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Inside Perrier-Jouët’s new experiential champagne bar

April 30, 2022, 1:00 PM UTC

Oenophiles have a new destination to add to their to-do lists with lauded champagne maker Perrier-Jouët opening a new experiential wine bar and restaurant in the heart of the signature French wine region.

The house of Perrier-Jouët was founded more than two centuries ago on what is now known as Avenue de Champagne in Épernay. The street stretches only about one kilometer (a little over half a mile), but is theoretically one of the most expensive streets in the world with sites belonging to many of the top champagne producers, including Moët Chandon, Mercier, and De Castellane, as well as Perrier-Jouët.

Reflecting its top markets, Perrier-Jouët expects many of its visitors will come locally from within France, but also especially from the United States and Japan.

The terrace paths follow the layout of the cellar’s tunnels six meters (20 feet) beneath visitors’ feet.
Courtesy of Perrier-Jouët

The original chateau Château Perrier is now a national landmark and the Museum of Champagne Wine and Archeology (Musée du Vin de Champagne et d’Archéologie Régionale), with bottling production and distribution just down the street. Maison Belle Epoque, the elegant house that used to belong to the Perrier-Jouët family, is just next door, and is now the site of a new and very exclusive food and wine pairing experience as part of the house’s new Belle Epoque Society.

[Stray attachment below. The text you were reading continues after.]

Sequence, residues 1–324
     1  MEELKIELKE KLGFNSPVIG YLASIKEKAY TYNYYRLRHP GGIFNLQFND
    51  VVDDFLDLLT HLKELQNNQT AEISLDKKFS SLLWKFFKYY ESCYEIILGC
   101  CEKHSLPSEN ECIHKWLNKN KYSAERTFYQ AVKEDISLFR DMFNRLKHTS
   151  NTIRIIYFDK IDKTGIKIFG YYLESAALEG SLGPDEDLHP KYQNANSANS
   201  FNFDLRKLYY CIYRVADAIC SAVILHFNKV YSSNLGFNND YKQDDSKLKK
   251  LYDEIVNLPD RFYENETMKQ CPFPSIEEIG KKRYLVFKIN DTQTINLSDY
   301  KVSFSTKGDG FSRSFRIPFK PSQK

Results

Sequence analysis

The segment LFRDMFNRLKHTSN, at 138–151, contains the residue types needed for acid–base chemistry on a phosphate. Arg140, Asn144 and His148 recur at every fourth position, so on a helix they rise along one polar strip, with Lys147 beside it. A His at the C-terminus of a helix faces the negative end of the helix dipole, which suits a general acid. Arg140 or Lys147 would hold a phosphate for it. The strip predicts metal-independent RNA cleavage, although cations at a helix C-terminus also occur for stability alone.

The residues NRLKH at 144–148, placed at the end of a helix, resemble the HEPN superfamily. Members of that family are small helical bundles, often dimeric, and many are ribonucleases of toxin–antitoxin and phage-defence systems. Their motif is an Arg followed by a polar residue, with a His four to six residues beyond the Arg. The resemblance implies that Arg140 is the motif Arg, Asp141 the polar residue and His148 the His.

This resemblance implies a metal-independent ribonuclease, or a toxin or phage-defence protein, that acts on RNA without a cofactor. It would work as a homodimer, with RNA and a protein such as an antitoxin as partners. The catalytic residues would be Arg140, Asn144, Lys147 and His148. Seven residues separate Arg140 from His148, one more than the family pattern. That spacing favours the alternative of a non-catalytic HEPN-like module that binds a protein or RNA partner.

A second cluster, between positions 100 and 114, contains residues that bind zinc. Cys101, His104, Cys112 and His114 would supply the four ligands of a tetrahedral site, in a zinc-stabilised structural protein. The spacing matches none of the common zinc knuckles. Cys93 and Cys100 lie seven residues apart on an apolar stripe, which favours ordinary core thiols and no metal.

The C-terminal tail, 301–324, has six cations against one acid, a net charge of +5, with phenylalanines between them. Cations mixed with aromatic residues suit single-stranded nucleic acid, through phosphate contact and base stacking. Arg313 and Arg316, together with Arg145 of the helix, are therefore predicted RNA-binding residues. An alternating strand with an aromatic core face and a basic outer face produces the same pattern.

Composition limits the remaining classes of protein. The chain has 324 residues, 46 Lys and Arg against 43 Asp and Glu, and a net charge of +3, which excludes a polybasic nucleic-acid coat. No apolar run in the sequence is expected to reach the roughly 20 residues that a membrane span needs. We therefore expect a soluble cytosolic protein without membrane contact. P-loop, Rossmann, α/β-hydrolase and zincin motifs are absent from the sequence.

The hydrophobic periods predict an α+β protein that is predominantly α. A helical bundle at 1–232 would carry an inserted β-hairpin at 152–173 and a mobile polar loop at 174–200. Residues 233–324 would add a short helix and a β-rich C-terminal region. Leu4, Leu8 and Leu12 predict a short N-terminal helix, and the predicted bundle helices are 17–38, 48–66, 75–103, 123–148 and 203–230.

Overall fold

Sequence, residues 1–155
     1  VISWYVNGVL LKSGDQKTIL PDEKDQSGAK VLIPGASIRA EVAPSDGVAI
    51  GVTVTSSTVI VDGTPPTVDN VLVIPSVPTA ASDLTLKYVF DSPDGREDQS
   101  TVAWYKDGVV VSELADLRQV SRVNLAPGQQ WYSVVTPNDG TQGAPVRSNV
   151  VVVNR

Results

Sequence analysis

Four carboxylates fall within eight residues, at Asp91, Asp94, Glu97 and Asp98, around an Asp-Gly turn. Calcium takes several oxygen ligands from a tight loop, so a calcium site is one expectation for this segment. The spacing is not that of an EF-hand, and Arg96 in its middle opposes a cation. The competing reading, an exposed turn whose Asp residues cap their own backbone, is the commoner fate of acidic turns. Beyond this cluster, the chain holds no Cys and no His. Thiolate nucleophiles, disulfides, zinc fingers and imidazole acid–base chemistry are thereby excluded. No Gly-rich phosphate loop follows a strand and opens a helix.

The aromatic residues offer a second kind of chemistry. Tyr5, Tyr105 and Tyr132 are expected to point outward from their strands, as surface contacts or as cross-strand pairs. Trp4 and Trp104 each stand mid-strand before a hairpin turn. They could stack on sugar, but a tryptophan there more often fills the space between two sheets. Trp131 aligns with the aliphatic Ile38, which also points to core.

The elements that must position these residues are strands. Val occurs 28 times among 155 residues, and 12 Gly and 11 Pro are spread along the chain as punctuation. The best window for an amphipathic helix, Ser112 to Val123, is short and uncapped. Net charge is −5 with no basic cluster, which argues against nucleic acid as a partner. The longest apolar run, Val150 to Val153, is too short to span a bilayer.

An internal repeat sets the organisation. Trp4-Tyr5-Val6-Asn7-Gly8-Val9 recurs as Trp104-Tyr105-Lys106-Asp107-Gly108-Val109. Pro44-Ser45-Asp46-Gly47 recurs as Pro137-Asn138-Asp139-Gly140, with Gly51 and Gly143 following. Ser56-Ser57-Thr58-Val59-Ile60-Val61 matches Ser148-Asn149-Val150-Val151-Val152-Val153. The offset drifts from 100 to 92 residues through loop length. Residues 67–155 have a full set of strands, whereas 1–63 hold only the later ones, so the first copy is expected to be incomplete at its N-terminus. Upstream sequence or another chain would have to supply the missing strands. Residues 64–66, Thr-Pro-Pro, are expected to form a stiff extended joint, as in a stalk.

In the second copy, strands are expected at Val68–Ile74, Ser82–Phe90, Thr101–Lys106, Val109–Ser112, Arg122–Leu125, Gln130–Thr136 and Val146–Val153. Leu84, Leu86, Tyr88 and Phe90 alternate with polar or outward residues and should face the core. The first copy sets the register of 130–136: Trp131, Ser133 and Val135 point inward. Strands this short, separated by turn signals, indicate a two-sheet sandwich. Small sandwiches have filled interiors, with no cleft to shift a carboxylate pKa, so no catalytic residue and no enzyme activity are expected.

Comfortable little islands and two gazebos like those in the Maison Belle Epoque garden host visitors for lunch, a light meal or a glass of Perrier-Jouët champagne.
Courtesy of Perrier-Jouët

Another new venue—housing a tasting bar, multiple art installations, a boutique, and an atelier workshop—was built directly across the street from Château Perrier on top of what used to be the parking lot across the street from not too long ago. Visitors enter this building, known as Cellier Belle Epoque, through an intricately designed courtyard with a special layout reflecting the cellar, which is not open to guests.

Visitors are invited to sample the Perrier-Jouët cuvées while viewing the artworks on display.
Courtesy of Perrier-Jouët

“This courtyard is quite special. We thought about our cellars underground and decided to have a map of our cellars from the 19th century, just to level up from the underground to the ground floor,” explains Francois-Xavier, vice president of champagne for Martell Mumm Perrier-Jouët (MMPJ), the champagne and cognac division under parent owner Pernod Ricard. “So you’re able to enjoy and walk through the courtyard to have the same experience of walking through the cellars underground.”

The courtyard is also designed in reflection of the same three pillars that guides Perrier-Jouët’s brand and heritage: nature, art, and (of course) wine.

Next to the Belle Epoque Workshop, the boutique has been reimagined as a winter garden.
Courtesy of Perrier-Jouët